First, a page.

We had reached the top of the hill and now we could see the woods ahead of us, large and dark, with the sun going down behind the trees.

‘You’d better let me have those raisins,’ Claud said.

I gave him the bag, and he put it gently into his trouser pocket.

‘No talking when we’re inside,’ he said. ‘Just follow me and try not to break any branches.’

Five minutes later we were there. The path ran right up to the wood itself and then went round the edge of it for about three hundred meters, with only a few bushes in between. Claud slipped through the bushes on his hands and knees and I followed.

It was cool and dark inside the wood. No sunlight came in at all.

‘This is frightening,’ I said.


Claud was very nervous. He was walking just ahead of me. He kept his head moving all the time and his eyes were looking from side to side, searching for danger. I tried doing the same, but I soon began to imagine a keeper behind every tree, so I gave it up.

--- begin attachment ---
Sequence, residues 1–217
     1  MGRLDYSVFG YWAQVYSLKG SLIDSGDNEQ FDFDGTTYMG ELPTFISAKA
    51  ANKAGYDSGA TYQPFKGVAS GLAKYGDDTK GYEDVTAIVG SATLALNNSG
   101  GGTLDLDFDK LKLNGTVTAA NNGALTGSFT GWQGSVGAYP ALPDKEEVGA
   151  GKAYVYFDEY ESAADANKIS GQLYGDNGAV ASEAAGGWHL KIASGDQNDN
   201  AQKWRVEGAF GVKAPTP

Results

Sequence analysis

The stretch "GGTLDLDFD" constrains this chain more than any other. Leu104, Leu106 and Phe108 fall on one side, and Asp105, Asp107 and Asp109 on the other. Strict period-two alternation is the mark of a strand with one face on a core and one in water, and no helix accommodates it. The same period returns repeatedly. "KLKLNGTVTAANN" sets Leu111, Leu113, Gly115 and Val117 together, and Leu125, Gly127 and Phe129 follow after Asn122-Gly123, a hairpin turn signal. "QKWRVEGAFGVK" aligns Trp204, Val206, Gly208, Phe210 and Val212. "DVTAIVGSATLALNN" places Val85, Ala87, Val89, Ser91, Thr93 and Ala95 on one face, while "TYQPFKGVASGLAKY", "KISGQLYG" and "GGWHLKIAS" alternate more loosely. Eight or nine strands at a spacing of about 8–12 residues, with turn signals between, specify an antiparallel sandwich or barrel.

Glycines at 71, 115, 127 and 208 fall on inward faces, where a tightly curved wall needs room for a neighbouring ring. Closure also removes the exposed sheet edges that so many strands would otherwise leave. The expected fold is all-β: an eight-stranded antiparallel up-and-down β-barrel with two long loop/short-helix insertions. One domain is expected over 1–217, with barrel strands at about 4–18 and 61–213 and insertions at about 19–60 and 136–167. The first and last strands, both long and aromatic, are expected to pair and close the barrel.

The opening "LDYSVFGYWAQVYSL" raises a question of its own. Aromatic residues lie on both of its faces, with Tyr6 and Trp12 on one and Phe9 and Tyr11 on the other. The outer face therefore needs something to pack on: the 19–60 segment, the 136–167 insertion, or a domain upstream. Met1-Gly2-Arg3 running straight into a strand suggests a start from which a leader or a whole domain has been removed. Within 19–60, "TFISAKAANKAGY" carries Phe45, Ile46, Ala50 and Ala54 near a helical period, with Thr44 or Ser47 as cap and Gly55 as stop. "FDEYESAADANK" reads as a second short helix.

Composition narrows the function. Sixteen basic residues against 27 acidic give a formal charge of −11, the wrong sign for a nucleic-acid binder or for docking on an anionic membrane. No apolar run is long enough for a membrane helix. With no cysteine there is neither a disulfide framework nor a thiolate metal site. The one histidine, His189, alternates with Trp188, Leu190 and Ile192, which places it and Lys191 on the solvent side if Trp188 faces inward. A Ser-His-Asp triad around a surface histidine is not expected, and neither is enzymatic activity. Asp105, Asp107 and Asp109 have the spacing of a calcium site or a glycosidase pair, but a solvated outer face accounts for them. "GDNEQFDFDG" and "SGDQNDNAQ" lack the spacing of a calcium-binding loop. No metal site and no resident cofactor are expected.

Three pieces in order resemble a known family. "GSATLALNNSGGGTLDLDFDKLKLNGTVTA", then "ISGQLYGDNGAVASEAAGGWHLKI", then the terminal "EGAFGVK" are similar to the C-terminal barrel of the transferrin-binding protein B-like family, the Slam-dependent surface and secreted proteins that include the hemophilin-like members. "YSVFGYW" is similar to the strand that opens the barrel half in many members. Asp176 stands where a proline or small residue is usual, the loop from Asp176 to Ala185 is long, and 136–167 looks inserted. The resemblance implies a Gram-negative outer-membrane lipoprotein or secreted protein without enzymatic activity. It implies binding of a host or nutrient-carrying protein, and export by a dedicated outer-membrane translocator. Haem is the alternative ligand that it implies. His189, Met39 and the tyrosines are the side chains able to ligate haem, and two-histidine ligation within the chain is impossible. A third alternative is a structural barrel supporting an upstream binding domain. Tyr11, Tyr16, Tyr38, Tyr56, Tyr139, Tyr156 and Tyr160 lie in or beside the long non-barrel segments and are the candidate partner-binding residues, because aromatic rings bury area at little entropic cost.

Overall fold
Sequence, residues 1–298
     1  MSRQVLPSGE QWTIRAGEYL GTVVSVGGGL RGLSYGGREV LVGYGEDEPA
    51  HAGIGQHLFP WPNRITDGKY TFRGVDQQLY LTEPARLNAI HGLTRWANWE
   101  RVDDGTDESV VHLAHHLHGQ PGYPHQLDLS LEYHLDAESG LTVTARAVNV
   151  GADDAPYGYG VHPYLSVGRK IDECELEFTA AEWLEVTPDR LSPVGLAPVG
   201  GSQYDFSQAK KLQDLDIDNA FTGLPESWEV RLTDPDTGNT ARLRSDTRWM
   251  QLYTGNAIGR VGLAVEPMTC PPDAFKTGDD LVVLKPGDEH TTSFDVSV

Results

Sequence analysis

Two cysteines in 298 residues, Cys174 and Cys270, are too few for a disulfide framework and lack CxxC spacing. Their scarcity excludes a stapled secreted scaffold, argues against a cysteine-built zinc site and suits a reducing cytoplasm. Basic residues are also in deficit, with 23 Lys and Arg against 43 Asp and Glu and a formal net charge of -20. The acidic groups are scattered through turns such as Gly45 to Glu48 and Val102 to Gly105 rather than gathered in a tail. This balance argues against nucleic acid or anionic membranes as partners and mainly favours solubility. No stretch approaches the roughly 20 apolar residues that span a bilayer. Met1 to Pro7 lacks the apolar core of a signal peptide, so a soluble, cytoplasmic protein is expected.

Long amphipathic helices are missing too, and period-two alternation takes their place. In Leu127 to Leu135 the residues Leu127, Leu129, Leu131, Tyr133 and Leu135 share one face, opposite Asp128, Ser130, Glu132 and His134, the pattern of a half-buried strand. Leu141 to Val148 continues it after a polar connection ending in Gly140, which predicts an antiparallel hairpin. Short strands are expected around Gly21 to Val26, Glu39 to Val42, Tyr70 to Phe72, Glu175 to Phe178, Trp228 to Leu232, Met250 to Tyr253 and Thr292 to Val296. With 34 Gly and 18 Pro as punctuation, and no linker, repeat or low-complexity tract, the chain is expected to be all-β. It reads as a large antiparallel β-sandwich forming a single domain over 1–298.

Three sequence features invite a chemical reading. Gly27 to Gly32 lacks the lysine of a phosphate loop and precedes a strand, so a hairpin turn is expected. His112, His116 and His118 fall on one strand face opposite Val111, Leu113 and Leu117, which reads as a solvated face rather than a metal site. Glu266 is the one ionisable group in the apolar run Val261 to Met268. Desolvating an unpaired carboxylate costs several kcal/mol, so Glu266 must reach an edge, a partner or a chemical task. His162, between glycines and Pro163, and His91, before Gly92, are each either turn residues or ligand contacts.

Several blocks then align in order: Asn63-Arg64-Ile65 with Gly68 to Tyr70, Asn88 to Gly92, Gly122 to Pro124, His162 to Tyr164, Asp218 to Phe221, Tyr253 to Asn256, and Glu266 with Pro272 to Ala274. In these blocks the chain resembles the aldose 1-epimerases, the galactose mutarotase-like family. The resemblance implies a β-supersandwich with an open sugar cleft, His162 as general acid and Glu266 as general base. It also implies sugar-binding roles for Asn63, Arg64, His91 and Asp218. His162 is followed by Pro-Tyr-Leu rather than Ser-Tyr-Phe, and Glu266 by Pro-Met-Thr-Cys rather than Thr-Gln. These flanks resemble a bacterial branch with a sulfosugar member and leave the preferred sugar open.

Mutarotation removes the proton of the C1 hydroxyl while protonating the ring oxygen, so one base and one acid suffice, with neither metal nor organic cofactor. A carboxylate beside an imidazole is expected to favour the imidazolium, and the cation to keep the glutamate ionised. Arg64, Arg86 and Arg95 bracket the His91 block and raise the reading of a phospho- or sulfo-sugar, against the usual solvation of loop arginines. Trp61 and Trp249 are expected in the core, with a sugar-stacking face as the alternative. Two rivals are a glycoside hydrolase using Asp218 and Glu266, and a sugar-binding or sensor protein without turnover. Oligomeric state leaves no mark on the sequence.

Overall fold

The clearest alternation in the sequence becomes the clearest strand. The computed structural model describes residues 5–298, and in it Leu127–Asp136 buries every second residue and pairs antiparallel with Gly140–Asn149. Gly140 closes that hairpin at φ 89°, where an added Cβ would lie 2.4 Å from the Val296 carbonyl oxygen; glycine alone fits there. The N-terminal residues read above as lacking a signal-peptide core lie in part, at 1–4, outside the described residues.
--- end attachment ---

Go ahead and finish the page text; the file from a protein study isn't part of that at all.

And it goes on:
Then a patch of sky appeared ahead of us in the roof of the forest, and I knew this must be the feeding grounds.

We were now advancing quickly, running from tree to tree and stopping and waiting and listening and running on again, and then at last we knelt safely behind a big tree, right on the edge of the feeding grounds, and Claud smiled and pointed through the branches at the pheasants.

The place was absolutely full of birds. There must have been two hundred of them at least.

‘Do you see what I mean?’ Claud whispered.